As solar panels pop up with more frequency on San Francisco rooftops, firefighters face dangerous new risks from the sun-drenched installations.
The number of buildings in San Francisco with rooftop solar panels roughly doubled over two years to more than 1,300, city figures show.
A city program called GoSolarSF, which is being suspended due to a lack of funds, set aside $9.5 million over the past 18 months to partially subsidize the costs of private rooftop solar panel installations. State and federal assistance continues to be provided.
GoSolarSF is widely credited by industry members with driving a rapid uptake of solar technology in The City.
That helped reduce power bills and greenhouse gas emissions, but it also had the unintended consequence of exposing firefighters to new hazards.
Solar panels remain energized by the sun after they lose their connection with the grid, but rooftop panels are often not visible from the street and firefighters don’t always realize they are present.
The San Francisco Fire Department began training its firefighters and other city officials last week to help them recognize telltale signs that solar panels are on top of a flame-engulfed building.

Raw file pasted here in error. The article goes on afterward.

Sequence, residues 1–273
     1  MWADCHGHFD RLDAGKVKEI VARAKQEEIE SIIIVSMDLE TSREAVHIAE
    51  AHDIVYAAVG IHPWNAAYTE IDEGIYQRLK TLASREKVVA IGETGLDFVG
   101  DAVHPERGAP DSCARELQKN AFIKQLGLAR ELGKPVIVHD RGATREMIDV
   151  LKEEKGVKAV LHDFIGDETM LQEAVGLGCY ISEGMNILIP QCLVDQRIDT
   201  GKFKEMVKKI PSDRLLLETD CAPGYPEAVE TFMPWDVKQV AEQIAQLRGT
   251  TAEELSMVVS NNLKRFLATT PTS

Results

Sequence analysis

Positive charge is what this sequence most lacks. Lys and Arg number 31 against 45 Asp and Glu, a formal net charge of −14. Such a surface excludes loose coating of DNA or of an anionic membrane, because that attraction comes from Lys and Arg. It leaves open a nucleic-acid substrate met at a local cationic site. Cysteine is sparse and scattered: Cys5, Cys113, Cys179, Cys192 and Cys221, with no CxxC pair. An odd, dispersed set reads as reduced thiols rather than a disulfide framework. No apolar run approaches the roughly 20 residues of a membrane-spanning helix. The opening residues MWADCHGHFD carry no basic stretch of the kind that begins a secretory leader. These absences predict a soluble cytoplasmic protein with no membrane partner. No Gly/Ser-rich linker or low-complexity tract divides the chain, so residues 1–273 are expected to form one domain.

Firefighters dealing with a blaze often punch a hole in the roof at its highest point to allow hot gases and smoke to seep out of the building to help occupants survive, according to Matt Paiss, a San Jose Fire Department captain with solar panel installation experience who provided the training.
“Over the years, we’d go up on the roof and we’d start to see solar panels,” Paiss said. “If a firefighter were to try to break one of the modules with their axe, they could be exposed to high voltages during the daytime.”
The shock would not necessarily be strong enough to cause major direct harm to a firefighter, but it could provide enough of a jolt to knock them off-balance, which could lead to a dangerous fall, Paiss said.
During two days of federally funded training led last week by Paiss, roughly 80 San Francisco firefighters and other officials were trained at a Pacific Gas and Electric Corp. facility to recognize solar-panel-powered buildings, Fire Department spokeswoman Mindy Talmadge said.
“We also developed an operational guide for the Fire Department that’s going to be sent out with a video to all the stations,” Talmadge said.
How firefighters detect rooftop solar panels:
Inverter that changes direct current solar power to alternating current
Conduit and wiring
Labeling on electrical panel
Solar panels on roof
Source: Lee & Associates Rescue Inc.